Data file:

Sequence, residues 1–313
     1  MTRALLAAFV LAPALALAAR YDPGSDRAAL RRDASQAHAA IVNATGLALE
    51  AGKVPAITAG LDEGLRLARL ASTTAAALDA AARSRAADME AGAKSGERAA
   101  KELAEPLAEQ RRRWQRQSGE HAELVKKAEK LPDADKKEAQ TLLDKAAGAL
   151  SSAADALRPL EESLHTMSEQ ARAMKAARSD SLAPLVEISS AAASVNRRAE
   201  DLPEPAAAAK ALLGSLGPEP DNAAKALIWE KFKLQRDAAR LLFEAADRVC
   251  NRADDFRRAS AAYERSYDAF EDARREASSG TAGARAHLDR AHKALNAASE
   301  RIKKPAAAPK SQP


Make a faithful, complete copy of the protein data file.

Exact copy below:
Sequence, residues 1–313
     1  MTRALLAAFV LAPALALAAR YDPGSDRAAL RRDASQAHAA IVNATGLALE
    51  AGKVPAITAG LDEGLRLARL ASTTAAALDA AARSRAADME AGAKSGERAA
   101  KELAEPLAEQ RRRWQRQSGE HAELVKKAEK LPDADKKEAQ TLLDKAAGAL
   151  SSAADALRPL EESLHTMSEQ ARAMKAARSD SLAPLVEISS AAASVNRRAE
   201  DLPEPAAAAK ALLGSLGPEP DNAAKALIWE KFKLQRDAAR LLFEAADRVC
   251  NRADDFRRAS AAYERSYDAF EDARREASSG TAGARAHLDR AHKALNAASE
   301  RIKKPAAAPK SQP